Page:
Left alone – Germany’s centre-left Social Democrats (SPD) are unlikely to call for a national carbon tax in addition to the EU ETS if they are returned to government after September’s general election, said senior party official Hubertus Heil, diminishing the likelihood of a majority for such a measure that many view as necessary for the country to meet its 2030 domestic goal to cut emissions 55% under 1990 levels. (Montel)
Heathrow zero – Although we’re passionate about the environment, we weren’t previously punching our weight, admitted Heathrow Airport’s Executive Director Expansion Emma Gilthorpe at the unveiling last week of Heathrow 2.0, a self-styled bold and ambitious long-term sustainability strategy for the airport. The UK government has signalled its support for major expansion and a third runway but there are still considerable challenges for the airport, not least over environmental and climate change concerns. Goals set out in the plan include becoming carbon neutral by 2020 and a zero emissions airport by 2050; all flights serving the airport by the time of the new runway opening in the middle of the next decade to be subject to the global CORSIA carbon-neutral growth scheme; and creating a Centre of Excellence for aviation sustainability research and innovation. Read more from GreenAir Online.
Forget the kids – The Trump Administration is seeking a fast-track appeal against a climate change lawsuit brought by 21 young people, Climate Home reports. Jeffrey Wood, a temporary Trump appointee at the Justice Department and recently a fossil fuel lobbyist, called on the federal court in Oregon to send the case to appeal before evidence was submitted and a ruling made in the initial trial. Wood said the move would “avoid litigation that is unprecedented in its scope and in its potential to be protracted, expensive, and disruptive to the continuing operation of the United States Government”.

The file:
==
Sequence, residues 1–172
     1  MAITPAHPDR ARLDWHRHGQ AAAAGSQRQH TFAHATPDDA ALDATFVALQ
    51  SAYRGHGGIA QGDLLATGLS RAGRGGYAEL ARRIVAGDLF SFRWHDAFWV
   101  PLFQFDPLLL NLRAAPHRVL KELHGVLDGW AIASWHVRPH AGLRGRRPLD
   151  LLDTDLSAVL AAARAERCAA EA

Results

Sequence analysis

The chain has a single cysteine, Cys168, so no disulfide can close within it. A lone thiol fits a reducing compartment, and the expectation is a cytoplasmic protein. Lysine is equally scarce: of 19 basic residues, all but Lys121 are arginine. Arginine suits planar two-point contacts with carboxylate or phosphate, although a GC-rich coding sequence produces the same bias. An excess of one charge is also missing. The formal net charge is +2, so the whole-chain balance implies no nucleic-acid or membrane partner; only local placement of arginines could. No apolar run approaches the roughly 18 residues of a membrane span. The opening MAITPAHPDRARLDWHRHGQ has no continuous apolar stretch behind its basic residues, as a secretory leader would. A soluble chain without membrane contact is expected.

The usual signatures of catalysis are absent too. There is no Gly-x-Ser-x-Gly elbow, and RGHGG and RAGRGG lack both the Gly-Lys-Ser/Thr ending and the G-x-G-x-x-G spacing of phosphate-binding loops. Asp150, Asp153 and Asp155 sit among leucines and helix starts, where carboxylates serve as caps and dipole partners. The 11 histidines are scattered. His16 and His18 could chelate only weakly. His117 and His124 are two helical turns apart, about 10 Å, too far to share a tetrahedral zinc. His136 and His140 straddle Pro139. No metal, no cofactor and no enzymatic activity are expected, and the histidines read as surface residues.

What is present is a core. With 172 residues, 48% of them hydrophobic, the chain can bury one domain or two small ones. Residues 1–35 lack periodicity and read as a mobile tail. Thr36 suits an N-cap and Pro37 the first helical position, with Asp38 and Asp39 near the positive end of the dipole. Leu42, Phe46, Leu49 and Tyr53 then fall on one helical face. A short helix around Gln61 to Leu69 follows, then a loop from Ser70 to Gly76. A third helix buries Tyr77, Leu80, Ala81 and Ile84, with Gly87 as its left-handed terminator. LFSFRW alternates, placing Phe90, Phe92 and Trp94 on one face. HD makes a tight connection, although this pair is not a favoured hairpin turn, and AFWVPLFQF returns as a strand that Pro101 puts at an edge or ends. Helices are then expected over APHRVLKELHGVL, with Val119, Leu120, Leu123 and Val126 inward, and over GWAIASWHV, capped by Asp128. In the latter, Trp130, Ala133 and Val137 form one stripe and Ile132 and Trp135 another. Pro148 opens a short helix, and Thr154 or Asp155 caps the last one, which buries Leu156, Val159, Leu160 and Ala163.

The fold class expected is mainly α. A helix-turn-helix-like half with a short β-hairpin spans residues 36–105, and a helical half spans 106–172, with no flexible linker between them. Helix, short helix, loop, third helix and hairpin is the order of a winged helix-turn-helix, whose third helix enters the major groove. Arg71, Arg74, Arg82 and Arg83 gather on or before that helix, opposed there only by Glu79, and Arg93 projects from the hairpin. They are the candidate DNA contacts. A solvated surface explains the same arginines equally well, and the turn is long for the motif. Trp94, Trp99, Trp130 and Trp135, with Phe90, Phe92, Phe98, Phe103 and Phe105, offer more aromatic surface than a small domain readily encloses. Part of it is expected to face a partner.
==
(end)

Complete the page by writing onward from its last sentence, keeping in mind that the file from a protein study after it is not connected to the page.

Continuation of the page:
To tax or to trade? That is the question – The small Canadian province of Prince Edward Island has not yet decided which carbon pricing mechanism to pursue. PEI is taking part in regional discussions on setting up a cap-and-trade system, even though documents obtained by CBC News through a Freedom of Information request show the province’s climate change secretariat has identified a carbon tax as “the most appropriate mechanism” for PEI.
Cancelled – Spanish renewable energy company Acciona has voluntarily cancelled a further 217,000 CERs from a Mexican wind project to cover the firm’s 2016 emissions, adding to the 313,000 credits cancelled on Wednesday. Meanwhile, online exchange operator CBL Markets cancelled almost 95,000 CERs from a Honduran biogas facility on behalf of its clients to offset their 2015 emissions.
And finally… New York real estate meets cli-fi – Science fiction writer Kim Stanley Robinson’s 18th novel, due out on Mar. 14, bases its plot on something more typically down-to-earth: New York real estate. In New York 2140, unstoppable glacial melt has caused a 50-foot rise in global sea levels, flooding the city. Everything below Midtown has become a tidal zone where menacing green waters flow around the ground floors of skyscrapers. Wall Streeters commute to work by boat; the super rich live on high ground, above 125th Street; and speculators have started moving in on downtown, an underwater Bohemia where artists and middle-class strivers struggle to get by. A winter freeze locks the city in ice. And, spoiler alert, billions of gallons of standing water don’t help with the smell in summer. (BloombergBusinessweek)